Depending on who you ask, the answer to “What is WebOps” ranges from: “Never heard of it”, to “it’s like DevOps for your website”, to “is that like a sysadmin?”. WebOps is a fairly new discipline in and of itself but what we do know is that it is squarely focused on web based applications.

The need for WebOps (or Web Operations) was established in the late 90’s early 00’s as many businesses began to transfer their software delivery from on-premise installations to cloud-based delivery. The most notable example of this was the founding of Salesforce by Marc Benioff in 1999.

With delivery of software steadily moving to the cloud, businesses with a web presence began to realize a few key things:

  • The Waterfall Model for development wasn’t going to work out so well as it assumes production software is largely stable
  • Traditional deployment methods were proving frustrating to developers
  • Performance of web-based applications was important in terms of both business goals, and for reducing technical debt

With these catalysts, organizations began to create operations teams that were able to work along all phases of the deployment and ongoing operations processes. Today we see WebOps as comprising the following:

  • Proactive Monitoring
  • Ongoing Maintenance
  • Custom Development and Implementations (CI/CD, Git etc.)
  • Consulting
  • Insightful reporting

As a WebOps focused agency, at FlowPress we do a whole lot more than the above but these are the broad categories that we find our WebOps work falling into.

So you might be saying “okay, okay, I get it…sorta. But isn’t this still DevOps?”. Well yes and no. Some of what businesses label as DevOps very well might be WebOps and vice versa. At a high level, DevOps is the marrying of communication and collaboration between Software Development teams and IT Operations. This has lead to what’s known as the DevOps tool chain and it looks like this:

  • Code
  • Build
  • Test
  • Package
  • Release
  • Configure
  • Monitor

DevOps is commonly viewed as a “culture shift” that is aided by software such as New Relic whereas WebOps has earned a more functional meaning within that umbrella of DevOps.

Okay, so now that we know a little bit about what WebOps is and how it compares to DevOps, let’s dive into its benefits to YOU. Because, and let’s be honest, that’s what you care about. To do this, we’ll break up the FlowPress WebOps tool kit and provide the benefits of each subsection:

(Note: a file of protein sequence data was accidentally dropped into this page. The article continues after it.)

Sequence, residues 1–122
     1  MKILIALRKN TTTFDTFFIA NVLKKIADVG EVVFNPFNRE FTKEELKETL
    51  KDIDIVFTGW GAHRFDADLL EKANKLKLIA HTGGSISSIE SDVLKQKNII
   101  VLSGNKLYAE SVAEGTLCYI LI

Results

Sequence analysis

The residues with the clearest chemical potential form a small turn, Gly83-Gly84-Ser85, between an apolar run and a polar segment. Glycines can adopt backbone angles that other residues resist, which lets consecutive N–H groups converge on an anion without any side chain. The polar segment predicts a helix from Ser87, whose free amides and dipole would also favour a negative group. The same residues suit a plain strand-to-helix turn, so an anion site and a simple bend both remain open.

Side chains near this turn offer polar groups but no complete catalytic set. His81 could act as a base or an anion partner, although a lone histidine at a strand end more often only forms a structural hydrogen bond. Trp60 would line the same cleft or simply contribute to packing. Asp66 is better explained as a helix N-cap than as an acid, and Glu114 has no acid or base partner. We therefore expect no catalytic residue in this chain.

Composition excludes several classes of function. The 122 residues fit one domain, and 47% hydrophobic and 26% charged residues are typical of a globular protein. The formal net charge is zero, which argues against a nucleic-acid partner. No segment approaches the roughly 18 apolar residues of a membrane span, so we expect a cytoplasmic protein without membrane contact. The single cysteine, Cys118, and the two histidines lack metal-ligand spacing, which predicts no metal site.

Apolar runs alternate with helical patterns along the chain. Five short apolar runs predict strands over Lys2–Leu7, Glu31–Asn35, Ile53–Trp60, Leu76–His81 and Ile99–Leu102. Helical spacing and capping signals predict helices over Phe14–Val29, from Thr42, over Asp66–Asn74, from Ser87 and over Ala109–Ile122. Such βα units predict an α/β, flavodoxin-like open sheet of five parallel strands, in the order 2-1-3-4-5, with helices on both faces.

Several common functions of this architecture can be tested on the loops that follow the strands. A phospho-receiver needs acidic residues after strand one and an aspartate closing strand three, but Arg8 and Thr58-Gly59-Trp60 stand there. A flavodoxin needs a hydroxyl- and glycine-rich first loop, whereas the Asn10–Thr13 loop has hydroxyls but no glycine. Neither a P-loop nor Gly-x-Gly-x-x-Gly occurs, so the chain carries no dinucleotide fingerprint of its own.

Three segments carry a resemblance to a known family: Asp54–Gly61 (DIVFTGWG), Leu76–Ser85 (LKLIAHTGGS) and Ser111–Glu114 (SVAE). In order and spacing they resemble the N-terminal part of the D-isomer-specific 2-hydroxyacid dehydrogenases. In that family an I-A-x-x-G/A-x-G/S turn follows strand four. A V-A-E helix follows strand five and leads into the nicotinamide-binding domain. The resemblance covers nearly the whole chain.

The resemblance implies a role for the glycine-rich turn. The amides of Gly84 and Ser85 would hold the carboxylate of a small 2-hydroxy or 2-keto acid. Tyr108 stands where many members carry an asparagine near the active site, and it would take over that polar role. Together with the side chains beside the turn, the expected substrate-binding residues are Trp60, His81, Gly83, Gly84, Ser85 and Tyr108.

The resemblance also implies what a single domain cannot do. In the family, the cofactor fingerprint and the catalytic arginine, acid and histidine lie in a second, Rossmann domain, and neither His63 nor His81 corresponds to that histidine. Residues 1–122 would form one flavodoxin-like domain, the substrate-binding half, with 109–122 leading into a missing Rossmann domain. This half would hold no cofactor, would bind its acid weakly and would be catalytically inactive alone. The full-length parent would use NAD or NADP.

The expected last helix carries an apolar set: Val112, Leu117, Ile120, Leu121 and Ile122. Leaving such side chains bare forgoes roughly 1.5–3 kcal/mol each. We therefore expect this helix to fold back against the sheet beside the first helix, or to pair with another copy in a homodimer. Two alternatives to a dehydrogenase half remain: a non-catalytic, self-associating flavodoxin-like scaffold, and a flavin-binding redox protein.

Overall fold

Proactive Monitoring

Availability Reports

  • Availability reporting gives you the ability to track your websites’ uptime. You may get this from your host already but the difference is that your hosting provider measures your website uptime based on whether their servers are online. A WebOps availability report focuses on whether or not end users can actually see and browse your web properties.

Performance Management

  • Performance management at FlowPress means consistently finding and fixing bugs across your web properties in a proactive manner.

Ongoing Maintenance

Deployment Management

  • Deployment Management processes aim to schedule and control the release of new code from test environments to production.
  • The end goal of Deployment Management is to protect the stability of the live environment

Maintaining version control repositories

  • Here we’re tracking the states of all of your code repositories to ensure that they are all updated.

Error Isolation

  • Tricky bugs can be difficult to find and costly. Maintaining error isolation in a WebOps tool kit ensure that you and your team are on top of outstanding bugs. Ultimately, this increases the performance of your web properties and decreases future technical costs.


  • Your web properties are like cars in that need constant upkeep and attention in order to keep them on the road (or online). Maintaining a repair schedule will help you not only keep your website online, but also running smoothly.



  • Continuous Integration/Continuous Deployment is really more of a DevOps term but nonetheless, if your Enterprise benefits from rapid development, testing, and releasing of new features, then the CI/CD process is one in which you really need to nail down.


  • Obvious one! Git protects your source code and keeps new feature and task creation in separate branches. Using Git will protect the integrity of your production code.

It’s important to note that not every business you work with (whether pure dev shop, DevOps, or WebOps) will employ the same tools and processes as those listed above. That being said in enlisting the tools above has given our clients the edge they need in order to stabilize and grow their web presence and their businesses.

Alex AllevatoAlex Allevato

Project Manager

Alex has been with FlowPress for over 4 years. In his time at FlowPress he has worked primarily as a Senior Project Manager.